What is Barratry in Texas?
Has a lawyer you don’t know contacted you and offered to represent you? Texas has many rules regarding lawyer advertising. One thing is clear, in-person solicitation of legal services is not allowed. For example, if a lawyer reads about a truck accident in the newspaper, it would not be appropriate for that lawyer to look up the address of the accident victims, and call them or visit their homes to try and get hired. There are some exceptions to this rule, one is for past clients, for example. And some forms of advertising by mail are allowed for people who are released from jail.
The barratry law prohibits the lawyer from calling or contacting you in person first. That is, the lawyer or their employee initiates the contact. If you call a lawyer, or get a letter in the mail, or visit their website that can’t be barratry.
So what happens if a lawyer does contact you? And then you hire them? Let’s say that you are in a car accident, and a lawyer calls you up, and you hire them. The lawyer settles your case for $100k, and takes 50% as their fee. Well, you’ve got some options.
Texas law allows you to bring an action to void the contract, and collect attorneys fees in the process, plus an additional $10,000 as a penalty. So in the case of your $100,000 settlement, you could ask for the 50% back, since the contract is void. You’d need to hire a lawyer for the barratry lawsuit, but you’d get your attorneys fees and expenses paid back if you win, PLUS another $10,000 as a penalty.What’s the law on barratry in Texas?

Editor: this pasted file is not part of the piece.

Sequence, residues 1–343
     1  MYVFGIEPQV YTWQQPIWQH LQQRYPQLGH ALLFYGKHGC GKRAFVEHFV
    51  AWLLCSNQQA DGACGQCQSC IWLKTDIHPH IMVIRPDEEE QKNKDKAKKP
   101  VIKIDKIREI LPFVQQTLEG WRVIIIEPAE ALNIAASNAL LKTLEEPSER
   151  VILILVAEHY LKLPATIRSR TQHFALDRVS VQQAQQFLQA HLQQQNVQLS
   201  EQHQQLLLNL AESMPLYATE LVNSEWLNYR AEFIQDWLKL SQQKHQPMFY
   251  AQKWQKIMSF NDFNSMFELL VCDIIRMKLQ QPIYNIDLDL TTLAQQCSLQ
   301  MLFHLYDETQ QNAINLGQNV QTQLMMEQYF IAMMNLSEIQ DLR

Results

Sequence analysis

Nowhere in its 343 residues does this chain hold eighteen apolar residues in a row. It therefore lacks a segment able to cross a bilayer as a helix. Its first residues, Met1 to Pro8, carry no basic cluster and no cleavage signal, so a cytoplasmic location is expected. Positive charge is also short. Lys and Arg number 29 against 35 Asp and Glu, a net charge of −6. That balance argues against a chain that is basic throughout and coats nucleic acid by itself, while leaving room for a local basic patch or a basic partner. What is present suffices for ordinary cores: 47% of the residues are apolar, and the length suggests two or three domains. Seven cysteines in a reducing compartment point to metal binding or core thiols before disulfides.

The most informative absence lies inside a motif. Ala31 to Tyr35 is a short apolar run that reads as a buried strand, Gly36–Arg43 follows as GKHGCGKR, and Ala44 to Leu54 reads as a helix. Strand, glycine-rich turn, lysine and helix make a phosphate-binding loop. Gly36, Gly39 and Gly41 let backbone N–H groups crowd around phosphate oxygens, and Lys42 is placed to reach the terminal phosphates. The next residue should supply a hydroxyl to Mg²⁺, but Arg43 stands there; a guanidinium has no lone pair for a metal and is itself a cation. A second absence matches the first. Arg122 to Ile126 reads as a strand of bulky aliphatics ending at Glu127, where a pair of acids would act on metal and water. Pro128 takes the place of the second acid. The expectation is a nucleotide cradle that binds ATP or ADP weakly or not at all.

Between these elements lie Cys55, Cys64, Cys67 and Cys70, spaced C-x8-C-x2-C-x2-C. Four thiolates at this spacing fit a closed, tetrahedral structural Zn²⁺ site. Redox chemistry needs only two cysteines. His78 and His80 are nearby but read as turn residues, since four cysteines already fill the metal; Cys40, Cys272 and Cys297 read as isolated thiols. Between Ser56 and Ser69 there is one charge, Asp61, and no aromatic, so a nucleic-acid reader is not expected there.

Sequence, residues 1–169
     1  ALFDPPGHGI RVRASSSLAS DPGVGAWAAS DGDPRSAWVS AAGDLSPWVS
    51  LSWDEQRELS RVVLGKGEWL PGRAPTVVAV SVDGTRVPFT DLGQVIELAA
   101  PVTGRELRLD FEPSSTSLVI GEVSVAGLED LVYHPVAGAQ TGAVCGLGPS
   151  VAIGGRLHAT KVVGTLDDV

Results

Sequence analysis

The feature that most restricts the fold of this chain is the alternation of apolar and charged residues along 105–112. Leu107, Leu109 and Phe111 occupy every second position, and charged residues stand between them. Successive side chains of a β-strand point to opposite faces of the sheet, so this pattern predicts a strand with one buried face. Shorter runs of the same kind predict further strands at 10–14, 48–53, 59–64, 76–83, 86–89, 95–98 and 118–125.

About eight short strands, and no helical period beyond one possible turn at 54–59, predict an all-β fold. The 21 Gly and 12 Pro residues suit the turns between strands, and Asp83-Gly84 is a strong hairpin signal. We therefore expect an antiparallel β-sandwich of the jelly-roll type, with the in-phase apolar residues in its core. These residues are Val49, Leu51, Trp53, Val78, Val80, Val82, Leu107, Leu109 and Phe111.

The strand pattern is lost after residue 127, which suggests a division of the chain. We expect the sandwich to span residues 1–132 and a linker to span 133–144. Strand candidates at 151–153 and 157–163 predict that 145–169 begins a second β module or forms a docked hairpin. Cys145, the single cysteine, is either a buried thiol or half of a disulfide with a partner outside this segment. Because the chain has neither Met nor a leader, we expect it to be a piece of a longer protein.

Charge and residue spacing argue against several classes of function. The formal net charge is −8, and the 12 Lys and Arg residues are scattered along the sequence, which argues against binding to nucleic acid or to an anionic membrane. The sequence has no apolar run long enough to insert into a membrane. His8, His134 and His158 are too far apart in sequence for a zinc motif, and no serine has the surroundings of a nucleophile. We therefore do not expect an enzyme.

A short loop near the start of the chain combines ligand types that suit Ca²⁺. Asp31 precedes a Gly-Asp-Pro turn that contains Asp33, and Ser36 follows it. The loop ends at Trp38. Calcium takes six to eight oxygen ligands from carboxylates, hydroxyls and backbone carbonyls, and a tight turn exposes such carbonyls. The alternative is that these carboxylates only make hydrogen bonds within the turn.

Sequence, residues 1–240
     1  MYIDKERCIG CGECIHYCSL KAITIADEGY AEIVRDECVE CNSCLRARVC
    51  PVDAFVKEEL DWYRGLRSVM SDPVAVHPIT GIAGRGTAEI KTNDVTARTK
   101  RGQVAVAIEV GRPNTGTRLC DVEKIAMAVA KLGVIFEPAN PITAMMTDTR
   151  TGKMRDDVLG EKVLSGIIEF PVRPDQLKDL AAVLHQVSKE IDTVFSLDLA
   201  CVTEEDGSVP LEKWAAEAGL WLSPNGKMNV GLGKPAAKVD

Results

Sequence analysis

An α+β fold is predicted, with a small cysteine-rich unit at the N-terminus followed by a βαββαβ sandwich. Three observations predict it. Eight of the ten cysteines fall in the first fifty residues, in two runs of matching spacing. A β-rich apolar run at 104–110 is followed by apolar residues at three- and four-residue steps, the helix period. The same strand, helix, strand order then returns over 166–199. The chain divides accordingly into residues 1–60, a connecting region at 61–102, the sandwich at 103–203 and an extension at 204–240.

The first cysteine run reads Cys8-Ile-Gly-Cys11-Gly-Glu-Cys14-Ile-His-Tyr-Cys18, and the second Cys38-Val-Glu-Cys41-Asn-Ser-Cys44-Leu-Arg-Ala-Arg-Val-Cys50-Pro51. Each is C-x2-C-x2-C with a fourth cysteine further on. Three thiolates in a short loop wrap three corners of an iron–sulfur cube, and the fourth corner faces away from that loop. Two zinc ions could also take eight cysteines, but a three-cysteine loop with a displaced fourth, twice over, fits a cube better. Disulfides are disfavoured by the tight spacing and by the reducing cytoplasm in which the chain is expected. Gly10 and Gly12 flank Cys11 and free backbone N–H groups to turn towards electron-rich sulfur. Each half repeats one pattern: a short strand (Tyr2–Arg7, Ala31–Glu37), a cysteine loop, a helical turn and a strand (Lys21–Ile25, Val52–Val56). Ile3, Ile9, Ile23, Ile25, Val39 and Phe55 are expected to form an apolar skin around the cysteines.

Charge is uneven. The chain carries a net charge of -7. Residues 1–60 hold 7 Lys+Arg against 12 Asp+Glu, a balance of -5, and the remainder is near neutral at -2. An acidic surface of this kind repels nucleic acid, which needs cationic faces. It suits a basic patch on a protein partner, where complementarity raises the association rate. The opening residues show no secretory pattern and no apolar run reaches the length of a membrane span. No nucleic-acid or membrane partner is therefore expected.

“A client may bring an action to void a contract for legal services that was procured as a result of conduct violating Section 38.12(a) or (b), Penal Code, or Rule 7.03 of the Texas Disciplinary Rules of Professional Conduct of the State Bar of Texas, regarding barratry by attorneys... and to recover any amount that may be awarded under Subsection (b).” TEX. GOV’T CODE § 82.0651(a). A client who prevails in an action under section 82.0651(a) “shall recover from any person who committed barratry” all fees and expenses paid to that person under the contract, actual damages caused by the prohibited conduct, a penalty in the amount of $10,000, and reasonable and necessary attorney’s fees. Id. § 82.0651(b)(1–5).
Rule 7.03(a) of the Texas Disciplinary Rules of Professional Conduct of the State Bar of Texas provides in part:
“A lawyer shall not by in-person contact, or by regulated telephone or other electronic contact as defined in paragraph (f) seek professional employment concerning a matter arising out of a particular occurrence or event, or series of occurrences or events, from a prospective client or nonclient who has not sought the lawyer’s advice regarding employment or with whom the lawyer has no family or past or present attorney-client relationship when a significant motive for the lawyer’s doing so is the lawyer’s pecuniary gain.”